I had received the phone call for the job offer while I was standing in the middle of Union Square. I stepped up onto brick pavers, as if being higher would make it easier to hear the Principal’s voice. Start in two weeks. Middle of the year replacement leave. If I careened my head just so, I could almost make out the outline of the building where I would start in ten days. Yes, of course. Thank you for the opportunity.
Ten days was just one day longer than I was going to be in Texas, visiting my boyfriend and his family for the holidays. Ten days was just enough time to reread some Zora Neal Hurston, prepare lessons for 11th grade literature, and review (okay learn) the history of China. It was more than a week to dust off my undergraduate English Education degree and my newly minted masters in Educational Theater. I was ready to start teaching New York City High School Students in English – and history. At least I was 50% prepared.
The three hour flight gave me enough time to prepare my massive to do list. The drive to Houston was long enough to finish Their Eyes Were Watching God. There was enough time to pause to eat artichoke dip and discuss the first day of school outfit. From there, it was off to Dallas, where I drilled my mother in law with countless teaching questions, to then begin phone sessions cramming ancient Chinese governments with my History-major father. When the plane landed in Newark, ten days later, I was nowhere close to ready.
I spent the entire night before, strewn across my almost built Ikea futon in my cousin’s apartment. He graciously drew me a map of the path train, because the only thing I understood less than the Han Dynasty was the directional skills from Hoboken to Manhattan. I tried to regain composure. I visualized a twenty-two years old professional, ready for her first independent classroom. To-do list in hand, she would confidently walk in her matching pencil skirt and turtleneck sweater, ready to meet her new students.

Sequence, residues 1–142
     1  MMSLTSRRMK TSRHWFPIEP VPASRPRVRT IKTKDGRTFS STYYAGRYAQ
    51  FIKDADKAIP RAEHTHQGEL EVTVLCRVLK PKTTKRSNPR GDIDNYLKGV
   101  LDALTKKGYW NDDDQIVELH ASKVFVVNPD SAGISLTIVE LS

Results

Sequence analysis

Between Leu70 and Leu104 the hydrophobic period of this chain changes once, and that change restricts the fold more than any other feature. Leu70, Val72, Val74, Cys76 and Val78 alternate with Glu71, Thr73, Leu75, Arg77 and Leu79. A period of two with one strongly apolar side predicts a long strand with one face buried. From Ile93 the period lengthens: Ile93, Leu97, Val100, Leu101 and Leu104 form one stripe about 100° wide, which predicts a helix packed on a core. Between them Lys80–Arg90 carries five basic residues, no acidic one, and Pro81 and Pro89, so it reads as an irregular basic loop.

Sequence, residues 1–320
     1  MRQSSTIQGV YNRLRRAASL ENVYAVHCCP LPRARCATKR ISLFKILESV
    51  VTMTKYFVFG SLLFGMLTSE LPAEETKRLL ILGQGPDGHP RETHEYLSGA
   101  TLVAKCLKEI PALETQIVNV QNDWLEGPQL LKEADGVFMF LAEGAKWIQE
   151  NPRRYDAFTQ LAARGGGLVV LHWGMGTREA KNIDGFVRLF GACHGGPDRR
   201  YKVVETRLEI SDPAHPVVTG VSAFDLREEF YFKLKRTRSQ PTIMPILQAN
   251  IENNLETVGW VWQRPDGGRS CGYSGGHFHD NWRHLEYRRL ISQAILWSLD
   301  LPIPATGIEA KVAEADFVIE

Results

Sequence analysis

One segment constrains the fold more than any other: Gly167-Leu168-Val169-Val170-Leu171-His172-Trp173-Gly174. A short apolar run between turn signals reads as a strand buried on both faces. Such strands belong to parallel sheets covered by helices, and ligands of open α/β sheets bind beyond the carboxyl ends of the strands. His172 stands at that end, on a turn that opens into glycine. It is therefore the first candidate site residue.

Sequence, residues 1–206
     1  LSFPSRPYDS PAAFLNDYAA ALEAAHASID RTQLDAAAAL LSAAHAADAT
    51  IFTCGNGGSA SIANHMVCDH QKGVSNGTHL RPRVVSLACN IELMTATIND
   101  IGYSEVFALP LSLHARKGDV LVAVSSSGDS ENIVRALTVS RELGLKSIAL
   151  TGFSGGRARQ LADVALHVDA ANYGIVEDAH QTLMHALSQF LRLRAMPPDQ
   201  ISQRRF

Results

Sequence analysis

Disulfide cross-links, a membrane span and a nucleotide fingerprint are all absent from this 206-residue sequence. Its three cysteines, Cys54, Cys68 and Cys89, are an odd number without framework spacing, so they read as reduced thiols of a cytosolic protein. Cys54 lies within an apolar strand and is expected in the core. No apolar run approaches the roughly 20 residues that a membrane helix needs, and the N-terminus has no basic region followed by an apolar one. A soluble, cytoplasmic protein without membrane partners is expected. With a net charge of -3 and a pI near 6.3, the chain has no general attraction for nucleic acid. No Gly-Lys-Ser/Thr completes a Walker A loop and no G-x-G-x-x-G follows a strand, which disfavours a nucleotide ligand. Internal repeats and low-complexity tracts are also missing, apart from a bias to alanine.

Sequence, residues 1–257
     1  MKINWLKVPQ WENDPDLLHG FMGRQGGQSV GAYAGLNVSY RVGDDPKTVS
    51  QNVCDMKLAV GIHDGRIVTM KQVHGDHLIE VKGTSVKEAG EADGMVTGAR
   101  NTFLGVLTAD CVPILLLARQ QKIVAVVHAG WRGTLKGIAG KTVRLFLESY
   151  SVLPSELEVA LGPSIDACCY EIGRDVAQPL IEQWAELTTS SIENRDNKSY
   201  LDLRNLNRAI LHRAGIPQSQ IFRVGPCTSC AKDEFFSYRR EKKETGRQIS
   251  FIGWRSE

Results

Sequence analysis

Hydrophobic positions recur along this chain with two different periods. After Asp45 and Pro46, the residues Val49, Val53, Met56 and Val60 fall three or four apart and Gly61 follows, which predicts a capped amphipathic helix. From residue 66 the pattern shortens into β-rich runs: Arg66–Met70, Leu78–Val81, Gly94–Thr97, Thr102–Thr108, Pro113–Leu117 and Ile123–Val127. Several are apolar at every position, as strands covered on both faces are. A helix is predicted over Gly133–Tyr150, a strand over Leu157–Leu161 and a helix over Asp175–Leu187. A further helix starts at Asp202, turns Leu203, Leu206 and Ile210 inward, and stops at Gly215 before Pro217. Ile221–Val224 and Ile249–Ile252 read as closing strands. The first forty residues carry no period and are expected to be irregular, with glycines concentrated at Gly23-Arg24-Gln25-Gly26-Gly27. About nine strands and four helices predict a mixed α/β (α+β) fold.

And since memory is imperfect, we can chalk the rest of the first day of school memory up only this: there is such a thing as too much eye shadow, a chocolate chip cookie does not a lunch make, and don’t send a child to the nurse before finding out the school doesn’t have one.
I have had fifteen more evenings anticipating the first day of school since I first became a teacher, but none have quite felt like tonight. Perhaps it is because it is for a job I did not apply for. Starting Tuesday. For two weeks, maybe more? I didn’t need to look far to explore the location of my new position, I was already standing there, surrounded by legos and Goldfish crumbs.
I was surrounded by parents all over the country, world… in the same position.
Two days was enough time to transform our living room into an educational space. It was important to make sure everyone had their own desk to help with motor planning and sensory seeking. It was just enough time to review the PEC system we needed to help our daughter transition between activities, create space for our almost five year old twins to run, and review (okay learn) how to create science experiments. Forty-eight hours was plenty of time to prepare our massive to do list. Team Umizoomi was just long enough to multitask remote learning lessons for my ninth grade students, bedtime stories were just enough to mentally create a baking activity for the morning, and hundreds of viral social media posts from Pinterest-perfect parents would make up the rest.
Here I am the night before, surrounded by three sleeping children (okay, one sleeping child and two wailing banshees) with an unidentifiable blue stain on our sheets. Ice pop? Lipgloss? Highlighter? Surrounded by glue sticks and strips of paper for our morning meeting activity, I visualize the first day of school tomorrow. A tired, almost forty year old…
Ready to shift her role from Mom to teacher.
Timed schedule in hand, she will confidently facilitate story time in her perfect pair of sweatpants and her favorite, stained 5P – sweatshirt, ready for her hardest class to date. And as she sits criss cross applesauce, improving theater games with her co-teacher of 15 years, perhaps their shared degrees in Education will be enough to get through just one day of “Mommy and Daddy school.”
I mean, we know a few things will be true at this school: they will learn kindness, have far too much candy, and when the inevitable bloody nose happens, there won’t be a nurse here either to send them to.